Articles by Dr. Sitterly
a Glass Ceiling for the Female Entrepreneur
Entrepreneurs Emerge as Economic Force
Women Succeed As Business Owners
"Not a Glass Ceiling for the Female
Dr. Connie Sitterly/The Workplace Doctor©
Certified Professional Consultant to Management
Glass Ceiling has taken more than a few dings in spite of unequal pay,
discrimination, stereotypes, dated attitudes and decades of challenges.
Changing technology, labor availability, legal requirements, company
reorganizations, more emphasis on teamwork, innovation, and diversity
continue to enhance women's opportunities as their employers face competitive
Businesses need the values that women have been socialized to provide.
The values of caring, intuition and consideration for the world as a
whole are transforming organizations.
As Tom Peters, best-selling business author and consultant declares
in his latest book Circle of Innovation: women rule! John Naisbitt and
Patricia Aburdene concluded in Megatrends 2000: Ten Directions for the
1990's, "to be a leader in business today, it is no longer an advantage
to have been socialized as male."
Challenging old notions:
than half of the new jobs created in the U.S. since 1992 are attributed
to women-owned businesses.
control over half the consumer and commercial consumption that contributes
to growth domestic product
of working women now earn more than their husbands
are the 43% of Americans that account for assets greater than $500,000
women compose the largest national economy on earth, larger than
the Japanese economy.
to a recent study, Paths to Entrepreneurship, a report by the National
Foundation for Women Business Owners, Catalyst, and the Committee Of
200, has challenged old notions, concluding that the Glass Ceiling was
not the only motivator for self employment; more than 40% chose self-employment
because they felt bored and stifled by the corporate milieu, feeling
that their employers did not give them enough freedom to realize
their ambitions. The report also revealed that female entrepreneurs
are better educated, more experienced, better capitalized than ever
before and more likely to have an MBA and high-level managerial experience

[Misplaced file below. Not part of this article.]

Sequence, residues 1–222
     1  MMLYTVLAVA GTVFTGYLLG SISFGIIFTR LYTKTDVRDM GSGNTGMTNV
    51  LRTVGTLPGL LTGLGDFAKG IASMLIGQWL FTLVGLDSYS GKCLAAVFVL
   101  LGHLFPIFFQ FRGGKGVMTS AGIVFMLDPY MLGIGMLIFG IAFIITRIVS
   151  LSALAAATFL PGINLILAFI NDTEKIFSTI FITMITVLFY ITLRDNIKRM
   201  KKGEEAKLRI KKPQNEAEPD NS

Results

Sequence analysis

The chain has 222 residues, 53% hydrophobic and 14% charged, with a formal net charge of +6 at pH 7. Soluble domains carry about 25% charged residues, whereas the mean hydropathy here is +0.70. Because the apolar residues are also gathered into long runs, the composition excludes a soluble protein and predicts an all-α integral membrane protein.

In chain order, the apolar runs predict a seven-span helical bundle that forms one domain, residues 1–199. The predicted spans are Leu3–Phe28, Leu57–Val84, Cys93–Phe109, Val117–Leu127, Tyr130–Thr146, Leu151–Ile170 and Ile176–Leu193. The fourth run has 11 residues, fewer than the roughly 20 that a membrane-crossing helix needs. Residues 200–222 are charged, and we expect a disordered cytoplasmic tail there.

than their predecessors. Their greatest challenge is being taken seriously
and biggest reward is the empowerment that comes with gaining control
over their destiny.
"Women's advancement is not a feel-good or even a do-good issue but
a bottom-line practicality," states Shelia W. Wellington, president
of Catalyst, Advancing Women In Business- The Catalyst Guide: Best Practices
From The Corporate Leaders. The Catalyst Guide, published by Simon and
Schuster provides proven examples from leaders such as:
Bank of Montreal, which enjoyed four years of record profits after instituting
a corporate strategy makeover with an emphasis on attracting women managers
and maximizing their potential and
Morrison & Foerster, the prestigious San Francisco law firm, which
stopped a costly talent drain by developing alternative models that
made work/life quality a central component of the firm's culture.
What Does it Take from Organizations?
According to Catalyst, the nonprofit organization that works with business
to advance women, numerous other organizations have tuned into the advantages
of a woman-friendly environment including, but not limited to Avon,
Dupont, Eastman Kodak, Marriott, McDonald's, Motorola, Hewlett-Packard,
3M, Sara Lee, Texas Instruments, Xerox and demonstrate it through measurable
results such as:
leadership willing to commit long-term resources
between the advancement of women and the larger strategic direction
of the company
realization of the business imperatives implied by new demographics
in the workplace and marketplace
open to genuine change and willing to learn from those around them
belief in equality, even when the main impetus for change is the
of the value of linking business goals to wider social issues.
developed this guide based on 36 years of experience. For those organizations
and leaders who aspire to develop their own woman-friendly environments,
it is essential reading to learn what it takes to tap the creativity,
skills and abilities of women.
Other NFWBO studies reveal than women and men business owners think differently,
manage differently, and define success differently. Women owned-firms
are more-likely than all businesses to offer flex-time, tuition reimbursement,
and profit sharing as employee benefits. Among firms with 10 or more employees
that lack retirement plans, women business owners are discussing the issue
of retirement more than men business owners,
The growth of women-owned enterprises is faster than the economy, a major
force in our marketplace, and increasingly on the international front.
Women-owed firms increased by 89% nationwide, outpacing overall business
growth by nearly 2 to 1.
More organizations are awakening to the fact that women form a core part
of their intellectual capital and the need to either leverage that capital
-or compete with it, their former employees, the new female entrepreneurial
Connie Sitterly, CPCM, is an international management consultant, trainer
& author of:
The Woman Manager, The Female Entrepreneur,
A Woman's Place: Management.
Her company, Management Training Specialists,
provides training, consulting on numerous workplace issues.
She can be reached at
P.O. Box 470695,
Fort Worth, TX 76147
or email firstname.lastname@example.org